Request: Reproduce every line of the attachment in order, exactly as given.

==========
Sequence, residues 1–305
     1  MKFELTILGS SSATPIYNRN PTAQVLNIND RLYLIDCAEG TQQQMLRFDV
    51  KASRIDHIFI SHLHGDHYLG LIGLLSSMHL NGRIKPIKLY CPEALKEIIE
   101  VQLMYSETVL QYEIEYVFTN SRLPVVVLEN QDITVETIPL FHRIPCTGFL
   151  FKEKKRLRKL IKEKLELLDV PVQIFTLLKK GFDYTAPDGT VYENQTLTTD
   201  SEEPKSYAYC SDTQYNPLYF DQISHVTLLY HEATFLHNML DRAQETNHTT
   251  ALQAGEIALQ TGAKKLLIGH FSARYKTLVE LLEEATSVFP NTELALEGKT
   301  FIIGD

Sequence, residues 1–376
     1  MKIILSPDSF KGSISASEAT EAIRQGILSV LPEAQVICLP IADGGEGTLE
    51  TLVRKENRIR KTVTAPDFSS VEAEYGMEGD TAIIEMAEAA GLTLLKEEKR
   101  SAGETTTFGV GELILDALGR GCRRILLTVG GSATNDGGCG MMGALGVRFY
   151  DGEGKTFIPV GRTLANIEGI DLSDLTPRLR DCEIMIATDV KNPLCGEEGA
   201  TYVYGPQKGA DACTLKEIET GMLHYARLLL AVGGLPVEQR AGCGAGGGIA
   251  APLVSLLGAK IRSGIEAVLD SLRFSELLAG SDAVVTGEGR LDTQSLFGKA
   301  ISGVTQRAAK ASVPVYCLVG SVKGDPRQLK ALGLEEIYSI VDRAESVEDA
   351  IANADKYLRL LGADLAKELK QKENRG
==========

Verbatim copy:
Sequence, residues 1–305
     1  MKFELTILGS SSATPIYNRN PTAQVLNIND RLYLIDCAEG TQQQMLRFDV
    51  KASRIDHIFI SHLHGDHYLG LIGLLSSMHL NGRIKPIKLY CPEALKEIIE
   101  VQLMYSETVL QYEIEYVFTN SRLPVVVLEN QDITVETIPL FHRIPCTGFL
   151  FKEKKRLRKL IKEKLELLDV PVQIFTLLKK GFDYTAPDGT VYENQTLTTD
   201  SEEPKSYAYC SDTQYNPLYF DQISHVTLLY HEATFLHNML DRAQETNHTT
   251  ALQAGEIALQ TGAKKLLIGH FSARYKTLVE LLEEATSVFP NTELALEGKT
   301  FIIGD

Sequence, residues 1–376
     1  MKIILSPDSF KGSISASEAT EAIRQGILSV LPEAQVICLP IADGGEGTLE
    51  TLVRKENRIR KTVTAPDFSS VEAEYGMEGD TAIIEMAEAA GLTLLKEEKR
   101  SAGETTTFGV GELILDALGR GCRRILLTVG GSATNDGGCG MMGALGVRFY
   151  DGEGKTFIPV GRTLANIEGI DLSDLTPRLR DCEIMIATDV KNPLCGEEGA
   201  TYVYGPQKGA DACTLKEIET GMLHYARLLL AVGGLPVEQR AGCGAGGGIA
   251  APLVSLLGAK IRSGIEAVLD SLRFSELLAG SDAVVTGEGR LDTQSLFGKA
   301  ISGVTQRAAK ASVPVYCLVG SVKGDPRQLK ALGLEEIYSI VDRAESVEDA
   351  IANADKYLRL LGADLAKELK QKENRG